The Sweet Smell of Desperation

by Smartie on April 6, 2010

There’s a whole lot of fretting going on right now. I suppose it’s the inevitable by-product of a shitty economy. The media is in an all out fret-frenzy. It’s 24 hours of doom and gloom online, on TV and on good old fashioned print.

I suppose a large part of this is the old adage “if it bleeds it leads.” But I also think we are in a seismic shift in the economy, not to mention the media. itself And when the status quo gets turned up-side-down, it produces a whole lot of hand-wringing. There’s been a lot of media coverage on, well, the media, as they are forced to contend with eroded business models. Journalists are writing passionately about why they should keep their jobs. If only they brought that same passion to the beats they covered…

But that’s another post for a different day. Today, I want to focus on all this fretting.

While the media companies try to figure out what will keep them above water, they focus their energies on the brand names that they think will drive eyeballs. Google, Apple, Avatar. Celebrity sells, whether it’s Brangelina or Wal-Mart, and they will cover it. And that doesn’t leave much room for the little guy.

The sooner we accept this, the better we all will feel. It’s not you, it’s them.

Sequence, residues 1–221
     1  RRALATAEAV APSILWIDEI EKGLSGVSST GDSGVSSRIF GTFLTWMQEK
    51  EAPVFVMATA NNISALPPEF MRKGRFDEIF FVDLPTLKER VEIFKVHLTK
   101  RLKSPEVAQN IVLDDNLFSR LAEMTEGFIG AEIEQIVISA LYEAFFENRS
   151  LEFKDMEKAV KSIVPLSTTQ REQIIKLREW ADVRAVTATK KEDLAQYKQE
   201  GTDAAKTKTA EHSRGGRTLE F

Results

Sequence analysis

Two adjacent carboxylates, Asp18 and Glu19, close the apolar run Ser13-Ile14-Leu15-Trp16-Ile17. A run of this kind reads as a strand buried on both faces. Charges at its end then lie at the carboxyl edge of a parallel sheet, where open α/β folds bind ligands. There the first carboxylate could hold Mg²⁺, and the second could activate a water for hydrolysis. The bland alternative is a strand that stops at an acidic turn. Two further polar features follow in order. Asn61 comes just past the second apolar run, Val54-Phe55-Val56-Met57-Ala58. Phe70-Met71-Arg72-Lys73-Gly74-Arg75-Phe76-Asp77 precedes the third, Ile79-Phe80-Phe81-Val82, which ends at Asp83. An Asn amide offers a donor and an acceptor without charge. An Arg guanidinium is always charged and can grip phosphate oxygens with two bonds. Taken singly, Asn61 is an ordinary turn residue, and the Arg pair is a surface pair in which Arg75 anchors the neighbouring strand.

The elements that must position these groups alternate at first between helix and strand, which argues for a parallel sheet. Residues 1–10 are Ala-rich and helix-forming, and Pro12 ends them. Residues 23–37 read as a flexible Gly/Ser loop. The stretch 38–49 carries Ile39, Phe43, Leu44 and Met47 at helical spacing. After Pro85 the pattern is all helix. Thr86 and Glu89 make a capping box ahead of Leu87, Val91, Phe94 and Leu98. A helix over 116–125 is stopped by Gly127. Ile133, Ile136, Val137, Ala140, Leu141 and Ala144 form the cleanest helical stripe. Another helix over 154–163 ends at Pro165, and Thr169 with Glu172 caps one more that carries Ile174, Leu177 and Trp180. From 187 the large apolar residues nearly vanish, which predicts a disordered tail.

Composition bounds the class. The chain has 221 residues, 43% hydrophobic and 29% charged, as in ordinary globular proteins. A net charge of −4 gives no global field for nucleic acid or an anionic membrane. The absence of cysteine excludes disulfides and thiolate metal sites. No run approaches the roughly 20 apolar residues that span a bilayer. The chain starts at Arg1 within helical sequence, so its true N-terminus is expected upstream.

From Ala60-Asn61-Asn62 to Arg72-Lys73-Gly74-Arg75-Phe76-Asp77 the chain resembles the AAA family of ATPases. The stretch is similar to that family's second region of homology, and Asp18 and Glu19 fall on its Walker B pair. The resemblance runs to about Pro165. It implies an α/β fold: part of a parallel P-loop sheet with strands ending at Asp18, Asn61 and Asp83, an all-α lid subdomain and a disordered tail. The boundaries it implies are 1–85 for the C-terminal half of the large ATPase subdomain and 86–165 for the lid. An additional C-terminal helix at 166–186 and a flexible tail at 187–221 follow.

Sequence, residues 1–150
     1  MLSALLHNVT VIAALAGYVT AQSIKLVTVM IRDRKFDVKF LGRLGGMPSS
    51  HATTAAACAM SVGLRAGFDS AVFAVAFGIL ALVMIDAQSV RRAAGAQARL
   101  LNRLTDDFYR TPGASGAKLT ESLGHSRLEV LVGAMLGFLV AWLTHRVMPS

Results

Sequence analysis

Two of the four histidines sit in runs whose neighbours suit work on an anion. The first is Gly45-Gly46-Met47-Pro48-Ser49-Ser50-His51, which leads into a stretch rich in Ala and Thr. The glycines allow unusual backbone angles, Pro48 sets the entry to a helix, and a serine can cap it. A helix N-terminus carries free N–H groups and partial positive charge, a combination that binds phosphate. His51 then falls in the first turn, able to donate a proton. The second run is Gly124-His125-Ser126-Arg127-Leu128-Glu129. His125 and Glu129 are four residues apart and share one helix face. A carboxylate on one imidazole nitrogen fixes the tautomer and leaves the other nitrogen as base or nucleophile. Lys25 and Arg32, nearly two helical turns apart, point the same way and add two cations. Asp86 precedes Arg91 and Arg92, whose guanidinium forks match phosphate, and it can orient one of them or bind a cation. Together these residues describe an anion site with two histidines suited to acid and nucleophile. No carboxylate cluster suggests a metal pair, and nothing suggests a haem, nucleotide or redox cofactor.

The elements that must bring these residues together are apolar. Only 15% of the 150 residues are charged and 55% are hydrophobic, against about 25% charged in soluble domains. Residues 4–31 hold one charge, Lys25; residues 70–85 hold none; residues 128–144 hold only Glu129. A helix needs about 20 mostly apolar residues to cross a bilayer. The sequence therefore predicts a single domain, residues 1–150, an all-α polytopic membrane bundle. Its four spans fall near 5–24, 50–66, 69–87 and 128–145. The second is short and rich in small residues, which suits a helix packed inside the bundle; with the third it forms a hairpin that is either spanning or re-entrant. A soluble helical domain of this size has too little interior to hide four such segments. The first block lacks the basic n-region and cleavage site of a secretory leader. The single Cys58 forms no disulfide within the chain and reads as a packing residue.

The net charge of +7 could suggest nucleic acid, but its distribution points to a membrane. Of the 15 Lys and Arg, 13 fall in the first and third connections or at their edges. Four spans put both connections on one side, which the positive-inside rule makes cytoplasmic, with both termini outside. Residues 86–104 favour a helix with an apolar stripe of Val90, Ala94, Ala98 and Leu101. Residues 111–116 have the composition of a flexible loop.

Of course smaller companies should chase major coverage, even now. But think about your tactics before you start a campaign that smacks of desperation. Because desperation often makes people do some ugly things, like telling a few tall tales with the hope that the media will pay a little more attention.

Over the past few weeks, I have been fed a few tall tales from people desperate for press coverage. In two instances I caught the fib before it went any further than my in box. In another case, it wasn’t a fib so much as an ommission of information, which resulted in an egg on my face moment. And that does not make me happy.

The moral of the story is no matter how desperate you feel, don’t resort to a distortion of information just to try to make yourself more press-worthy. This tactic will backfire.

If you find that you are resorting to this, then your story is probably not press worthy in the first place. And by distorting the story to begin with, you clearly already know this.

You may simply need to go back and find another angle. Or you may have to be secure enough to realize that maybe this time the coverage just isn’t in the cards. Maybe your resources are better spent on a strong marketing push.

As long as you stay in business and keep working, there’s always another project that may command press attention. You will have another opportunity.

So don’t start burning bridges (particularly bridges that are not fully errected) by feeding false information.

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April 28, 2010 at 1:31 pm

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